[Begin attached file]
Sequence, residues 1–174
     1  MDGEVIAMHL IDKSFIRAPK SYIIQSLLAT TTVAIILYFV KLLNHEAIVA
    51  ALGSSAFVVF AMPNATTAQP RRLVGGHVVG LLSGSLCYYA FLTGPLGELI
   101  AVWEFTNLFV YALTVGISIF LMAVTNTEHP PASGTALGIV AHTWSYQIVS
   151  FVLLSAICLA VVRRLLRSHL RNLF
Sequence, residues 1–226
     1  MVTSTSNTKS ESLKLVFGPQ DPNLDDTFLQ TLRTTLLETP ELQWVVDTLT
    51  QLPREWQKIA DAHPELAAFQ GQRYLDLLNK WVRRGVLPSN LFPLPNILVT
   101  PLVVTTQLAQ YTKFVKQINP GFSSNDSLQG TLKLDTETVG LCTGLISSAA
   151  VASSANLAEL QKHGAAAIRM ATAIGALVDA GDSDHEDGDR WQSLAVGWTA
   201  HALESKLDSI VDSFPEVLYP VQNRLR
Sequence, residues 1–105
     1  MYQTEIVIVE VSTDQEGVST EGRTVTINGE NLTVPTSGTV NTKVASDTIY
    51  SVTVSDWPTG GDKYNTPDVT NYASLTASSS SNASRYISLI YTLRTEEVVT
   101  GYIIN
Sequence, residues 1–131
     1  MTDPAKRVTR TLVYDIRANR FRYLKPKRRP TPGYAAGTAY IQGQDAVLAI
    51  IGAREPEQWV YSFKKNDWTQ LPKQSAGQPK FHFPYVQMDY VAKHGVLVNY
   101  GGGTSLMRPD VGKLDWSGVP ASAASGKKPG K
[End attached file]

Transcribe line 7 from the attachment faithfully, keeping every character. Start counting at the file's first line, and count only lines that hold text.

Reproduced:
     1  MVTSTSNTKS ESLKLVFGPQ DPNLDDTFLQ TLRTTLLETP ELQWVVDTLT